President Barack Obama campaigned on a platform of ‘change.’ Two months into his Presidency, it is clear that this ‘change’ pertains to the way Washington governs U.S. marijuana policy.
Yesterday, U.S. Attorney General Eric Holder reaffirmed that he will not authorize federal justice resources to target or prosecute medical cannabis users or providers that are compliant with state law. Holder’s statements clarify remarks he made last month when he said that the Justice Department would uphold President Obama’s campaign pledge not to use the power of the federal government to circumvent state medical marijuana laws.
The Attorney General’s position stands in marked contrast to that of prior administrations. During George W. Bush’s eight years in office, federal law enforcement charged numerous state-sanctioned medical cannabis providers with federal law violations – many of whom are now serving sentences of five to ten years in prison. More commonly, U.S. Drug Enforcement Agents performed so-called “smash grabs” on state-authorized dispensaries, a tactic whereby federal agents would seize cash and but never press criminal charges. This latter policy was similar to the approach endorsed by the Clinton administration, which ordered the U.S. Justice Department to seek to civil injunctions against dozens of cannabis cooperatives in an effort to seize their assets and permanently close their doors.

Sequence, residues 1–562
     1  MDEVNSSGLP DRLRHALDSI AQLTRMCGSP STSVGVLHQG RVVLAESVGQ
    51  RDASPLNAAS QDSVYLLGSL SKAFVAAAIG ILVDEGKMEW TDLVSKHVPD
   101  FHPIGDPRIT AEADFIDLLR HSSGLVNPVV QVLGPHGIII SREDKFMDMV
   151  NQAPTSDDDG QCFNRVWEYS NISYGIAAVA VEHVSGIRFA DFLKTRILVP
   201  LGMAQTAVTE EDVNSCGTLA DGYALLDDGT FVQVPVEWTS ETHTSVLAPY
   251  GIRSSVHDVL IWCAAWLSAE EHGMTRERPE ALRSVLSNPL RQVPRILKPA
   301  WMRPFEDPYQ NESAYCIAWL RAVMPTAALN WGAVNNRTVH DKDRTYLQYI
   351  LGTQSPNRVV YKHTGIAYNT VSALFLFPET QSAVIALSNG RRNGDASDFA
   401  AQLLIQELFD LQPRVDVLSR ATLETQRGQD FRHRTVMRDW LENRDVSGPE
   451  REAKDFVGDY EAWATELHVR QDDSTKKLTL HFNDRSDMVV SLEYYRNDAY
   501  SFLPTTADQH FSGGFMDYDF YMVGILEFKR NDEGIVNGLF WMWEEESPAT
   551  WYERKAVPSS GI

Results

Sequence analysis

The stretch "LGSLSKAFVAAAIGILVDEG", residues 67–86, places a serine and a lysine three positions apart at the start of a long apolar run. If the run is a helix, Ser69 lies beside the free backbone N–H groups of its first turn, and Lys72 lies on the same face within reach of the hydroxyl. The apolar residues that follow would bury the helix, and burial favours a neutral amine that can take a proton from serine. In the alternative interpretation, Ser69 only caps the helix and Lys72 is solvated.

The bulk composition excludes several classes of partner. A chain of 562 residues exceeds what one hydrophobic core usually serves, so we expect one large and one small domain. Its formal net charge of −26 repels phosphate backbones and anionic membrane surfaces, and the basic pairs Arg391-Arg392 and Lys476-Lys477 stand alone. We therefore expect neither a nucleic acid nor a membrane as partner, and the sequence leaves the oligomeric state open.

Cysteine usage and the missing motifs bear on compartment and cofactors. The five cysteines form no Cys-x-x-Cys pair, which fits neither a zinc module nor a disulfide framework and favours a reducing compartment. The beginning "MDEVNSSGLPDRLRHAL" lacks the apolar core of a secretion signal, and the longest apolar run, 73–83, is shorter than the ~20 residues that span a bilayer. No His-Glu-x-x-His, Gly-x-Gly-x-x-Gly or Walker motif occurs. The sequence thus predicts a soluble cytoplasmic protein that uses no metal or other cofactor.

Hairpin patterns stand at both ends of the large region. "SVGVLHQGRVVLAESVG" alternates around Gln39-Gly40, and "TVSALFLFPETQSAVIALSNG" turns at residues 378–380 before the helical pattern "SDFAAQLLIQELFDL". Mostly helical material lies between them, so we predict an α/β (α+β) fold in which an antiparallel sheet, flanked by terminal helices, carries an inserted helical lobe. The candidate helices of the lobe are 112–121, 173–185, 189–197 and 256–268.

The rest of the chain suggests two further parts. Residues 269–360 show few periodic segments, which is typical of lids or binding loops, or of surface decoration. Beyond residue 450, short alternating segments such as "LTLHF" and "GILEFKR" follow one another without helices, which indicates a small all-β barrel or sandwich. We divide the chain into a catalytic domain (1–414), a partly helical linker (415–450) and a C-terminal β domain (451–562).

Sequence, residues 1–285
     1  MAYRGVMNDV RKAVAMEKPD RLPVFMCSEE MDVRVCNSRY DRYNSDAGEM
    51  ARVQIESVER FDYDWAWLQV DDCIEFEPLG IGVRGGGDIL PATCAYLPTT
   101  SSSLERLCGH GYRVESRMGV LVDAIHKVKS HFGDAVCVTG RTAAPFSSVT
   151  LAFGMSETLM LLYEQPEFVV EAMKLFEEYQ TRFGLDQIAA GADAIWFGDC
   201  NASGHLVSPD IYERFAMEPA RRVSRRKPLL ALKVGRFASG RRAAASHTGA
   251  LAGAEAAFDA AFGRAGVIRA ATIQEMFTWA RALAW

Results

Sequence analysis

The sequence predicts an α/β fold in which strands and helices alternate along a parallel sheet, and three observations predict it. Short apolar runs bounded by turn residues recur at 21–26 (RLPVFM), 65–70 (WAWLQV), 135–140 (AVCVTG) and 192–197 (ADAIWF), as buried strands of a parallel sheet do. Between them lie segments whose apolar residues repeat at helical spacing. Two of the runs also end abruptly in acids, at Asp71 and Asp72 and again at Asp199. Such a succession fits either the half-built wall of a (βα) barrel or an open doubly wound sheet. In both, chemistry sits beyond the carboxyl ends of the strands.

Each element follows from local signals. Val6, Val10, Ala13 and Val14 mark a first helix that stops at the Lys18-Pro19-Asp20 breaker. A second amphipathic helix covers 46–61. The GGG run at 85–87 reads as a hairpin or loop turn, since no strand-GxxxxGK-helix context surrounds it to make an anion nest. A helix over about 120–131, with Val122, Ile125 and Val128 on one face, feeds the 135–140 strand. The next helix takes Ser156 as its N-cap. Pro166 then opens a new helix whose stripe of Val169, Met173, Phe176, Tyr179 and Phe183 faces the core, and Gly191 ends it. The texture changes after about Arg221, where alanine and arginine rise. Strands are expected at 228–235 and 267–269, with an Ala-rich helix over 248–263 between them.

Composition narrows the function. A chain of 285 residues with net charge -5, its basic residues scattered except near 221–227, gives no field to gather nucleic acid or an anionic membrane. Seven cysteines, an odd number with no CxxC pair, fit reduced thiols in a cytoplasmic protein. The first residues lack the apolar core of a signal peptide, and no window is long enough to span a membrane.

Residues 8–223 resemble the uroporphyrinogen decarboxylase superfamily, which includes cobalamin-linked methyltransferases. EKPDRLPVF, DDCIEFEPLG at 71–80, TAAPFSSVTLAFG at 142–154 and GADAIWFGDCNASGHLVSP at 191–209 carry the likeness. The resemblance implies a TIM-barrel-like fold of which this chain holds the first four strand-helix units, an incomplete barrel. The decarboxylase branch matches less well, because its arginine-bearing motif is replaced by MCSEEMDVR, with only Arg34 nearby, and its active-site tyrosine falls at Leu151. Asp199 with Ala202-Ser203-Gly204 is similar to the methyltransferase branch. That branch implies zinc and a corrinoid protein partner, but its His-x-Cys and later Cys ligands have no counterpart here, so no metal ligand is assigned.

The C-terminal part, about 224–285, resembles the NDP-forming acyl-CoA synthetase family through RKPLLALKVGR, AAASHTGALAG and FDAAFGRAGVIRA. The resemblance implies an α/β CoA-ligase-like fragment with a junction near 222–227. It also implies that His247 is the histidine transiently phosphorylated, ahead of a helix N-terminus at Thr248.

But not everyone is pleased with the administration’s new ‘hands-off’ approach. Iowa Senator and longtime marijuana law reform opponent Charles Grassley immediately criticized Holder’s announcement, stating, “The first rule of medicine, first do no harm, is being violated by the attorney general by his decision.”
Grassley’s ideological opposition, though predictable, is offensive to those who support both science and the right of self-determination.
Contrary to the GOP Senator’s assertion, cannabis possesses an impeccable safety record. Marijuana’s active components, known as cannabinoids, are virtually non-toxic to cells and major organs, and are incapable of causing a lethal overdose. In 2008 investigators at McGill University in Montreal reviewed over 30 years of data on marijuana and “did not find a higher incidence rate of serious adverse events associated with medical cannabis use” compared to those who never used the drug. Even aspirin can’t make such a claim.
Further, Grassley’s arrogant allegations are an affront to the 72 million Americans who reside in the thirteen states where the use of medical cannabis is legal. They are equally objectionable to the 80 percent of voters nationwide who support the physician-supervised use of therapeutic cannabis.
Funny, last time I checked Chuck Grassley represented the state of Iowa and only the state of Iowa, which is not one of the states that have legalized the possession and use of medical cannabis under state law. Perhaps in the future Senator Grassley should stick to commenting specifically on those policies that directly impact the voters who he is elected to represent. When it comes to the laws that govern the lives and health of everyone else, the good Senator ought to simply mind his own business.